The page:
After watching some of the extras on the DVDs, I at least understand their reasoning for doing so, though. They said they tried to keep his character true to the books, but they couldn’t get it to work in the context of the movies. They spent all that time building up the Ring as its own character that was so evil and insidious that it was practically impossible to resist its influence. Everyone was drawn to it and twisted by it. Then all of a sudden a guy comes along saying, “Screw that, I wouldn’t touch that thing with a ten foot pole!” It just wasn’t fitting in, especially since they didn’t have time to fully explore his real character. I had to concede the point, but that’s also part of the reason why I still insist that the books are so much better. You can’t adequately convey all the nuances of the books in a movie.

desiree333's avatar

Probably watch the movie first so you wont be disapointed. The only problem with that is if the movie wouldnt have been good if you read the book first then when you go to read the book after you will know what is going to happen and the differences in the characters and the plot and stuff might prevent you form enjoying the book. I prefer to read the book first.

jfrederick's avatar

i love seeing movies based on books that i have read, but if i had to choose one, i guess i’d choose the book. if i’ve read the book, i want to see the movie. if i see the movie i want to see the book. and most of the time, even if the movie is well-done, there are details and nuances of the book that just can’t be included in the movie b/c it’s too long or too complex.

asmonet's avatar

I always read the book before watching the movie if I know both are options.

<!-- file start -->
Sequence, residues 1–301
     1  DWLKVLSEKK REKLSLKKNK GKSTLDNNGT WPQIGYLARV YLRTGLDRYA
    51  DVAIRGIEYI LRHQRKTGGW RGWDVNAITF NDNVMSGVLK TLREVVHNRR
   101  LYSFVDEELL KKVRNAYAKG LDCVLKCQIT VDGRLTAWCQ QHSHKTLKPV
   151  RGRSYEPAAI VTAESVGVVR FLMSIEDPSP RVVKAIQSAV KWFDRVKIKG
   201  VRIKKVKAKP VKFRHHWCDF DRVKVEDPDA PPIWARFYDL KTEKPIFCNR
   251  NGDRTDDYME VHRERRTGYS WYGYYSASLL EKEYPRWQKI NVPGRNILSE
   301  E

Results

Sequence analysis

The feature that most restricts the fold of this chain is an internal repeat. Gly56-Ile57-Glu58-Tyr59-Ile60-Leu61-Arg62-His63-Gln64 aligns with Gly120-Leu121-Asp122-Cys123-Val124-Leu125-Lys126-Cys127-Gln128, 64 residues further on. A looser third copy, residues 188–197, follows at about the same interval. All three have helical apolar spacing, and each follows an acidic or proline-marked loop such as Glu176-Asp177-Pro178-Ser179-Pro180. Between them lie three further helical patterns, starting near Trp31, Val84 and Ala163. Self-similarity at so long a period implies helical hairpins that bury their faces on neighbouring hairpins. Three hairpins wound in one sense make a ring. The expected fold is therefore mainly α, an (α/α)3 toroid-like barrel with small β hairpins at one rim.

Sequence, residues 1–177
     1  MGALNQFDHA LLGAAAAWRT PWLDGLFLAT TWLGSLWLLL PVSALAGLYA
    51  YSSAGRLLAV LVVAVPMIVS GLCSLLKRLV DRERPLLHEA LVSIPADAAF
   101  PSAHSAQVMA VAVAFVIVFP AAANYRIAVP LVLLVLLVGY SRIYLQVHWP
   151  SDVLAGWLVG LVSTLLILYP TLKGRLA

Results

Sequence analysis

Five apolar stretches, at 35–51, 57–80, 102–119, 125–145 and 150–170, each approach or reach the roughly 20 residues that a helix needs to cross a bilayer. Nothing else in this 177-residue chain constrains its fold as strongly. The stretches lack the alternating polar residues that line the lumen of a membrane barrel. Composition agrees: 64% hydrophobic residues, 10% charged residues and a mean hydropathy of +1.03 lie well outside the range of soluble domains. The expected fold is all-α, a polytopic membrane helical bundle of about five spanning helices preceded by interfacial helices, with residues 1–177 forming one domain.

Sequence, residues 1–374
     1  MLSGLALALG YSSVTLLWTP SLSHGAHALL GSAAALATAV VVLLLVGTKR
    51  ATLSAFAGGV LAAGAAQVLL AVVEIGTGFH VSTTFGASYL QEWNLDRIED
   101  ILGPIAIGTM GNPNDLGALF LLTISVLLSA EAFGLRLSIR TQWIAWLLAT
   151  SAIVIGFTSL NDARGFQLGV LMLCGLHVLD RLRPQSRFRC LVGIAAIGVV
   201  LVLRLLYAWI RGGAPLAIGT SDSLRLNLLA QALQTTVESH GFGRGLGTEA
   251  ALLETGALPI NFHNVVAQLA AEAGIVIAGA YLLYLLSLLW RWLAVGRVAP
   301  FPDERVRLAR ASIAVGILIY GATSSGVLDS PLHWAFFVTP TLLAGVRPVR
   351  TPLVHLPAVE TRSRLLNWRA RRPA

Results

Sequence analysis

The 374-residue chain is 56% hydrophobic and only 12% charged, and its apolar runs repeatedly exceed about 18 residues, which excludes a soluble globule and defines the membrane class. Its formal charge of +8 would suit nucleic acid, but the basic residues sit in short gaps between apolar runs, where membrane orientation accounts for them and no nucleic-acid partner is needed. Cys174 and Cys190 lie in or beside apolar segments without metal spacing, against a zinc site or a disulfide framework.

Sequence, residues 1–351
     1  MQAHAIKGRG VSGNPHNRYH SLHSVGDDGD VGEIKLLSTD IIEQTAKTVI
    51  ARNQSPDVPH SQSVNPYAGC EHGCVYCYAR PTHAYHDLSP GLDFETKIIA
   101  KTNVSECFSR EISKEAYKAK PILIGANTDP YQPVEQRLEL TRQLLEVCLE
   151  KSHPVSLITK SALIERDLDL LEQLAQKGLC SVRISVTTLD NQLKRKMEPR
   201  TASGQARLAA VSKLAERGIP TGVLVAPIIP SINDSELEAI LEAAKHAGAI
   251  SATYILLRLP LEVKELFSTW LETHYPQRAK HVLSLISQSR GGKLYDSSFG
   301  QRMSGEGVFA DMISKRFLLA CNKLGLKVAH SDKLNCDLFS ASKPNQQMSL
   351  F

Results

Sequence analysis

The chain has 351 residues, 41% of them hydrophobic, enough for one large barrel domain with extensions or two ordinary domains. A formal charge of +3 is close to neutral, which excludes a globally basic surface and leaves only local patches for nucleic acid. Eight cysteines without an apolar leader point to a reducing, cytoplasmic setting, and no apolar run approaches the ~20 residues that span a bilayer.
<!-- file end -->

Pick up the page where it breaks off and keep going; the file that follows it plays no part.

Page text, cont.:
aidje's avatar

@amanderveen – Tolkien made it work just fine, so I have a hard time accepting that. I was, and still am, furious. Peter Jackson portrayed Faramir as a selfish wuss.

amanderveen's avatar

@aidje – I agree that Peter Jackson did do just that. But he also had to work within the confines of his medium, which included (among other things) restrictions on finances and time allowances, unfortunately. Books are better. :o)

The_Inquisitor's avatar

haha, i guess i’m outnumbered. I’ve actually never really thought of it that way .. about spoiling it in a mere couple of hours in a movie than enjoying it for hours in a book. Books it is! =D

desiree333's avatar

If you see the movie you will get like almost a brief summary about the book. Then when you go to read the book you will know what is going to happen, and it may begin to bore you or you might not be used to the differences in the movie and therefore not fully enjoy the book. I would definety want to read the book, then go see the movie and judge on wheither or not the director did the book any justice.

IlonaW's avatar

I guess for me it was more. . . $9.00 for the book…
$10.00 for a ticket and $4.50 for a soda, and $4.50 for a small bag of M&Ms i chose the latter and watched the movie at a friends house when it came out on dvd. :)~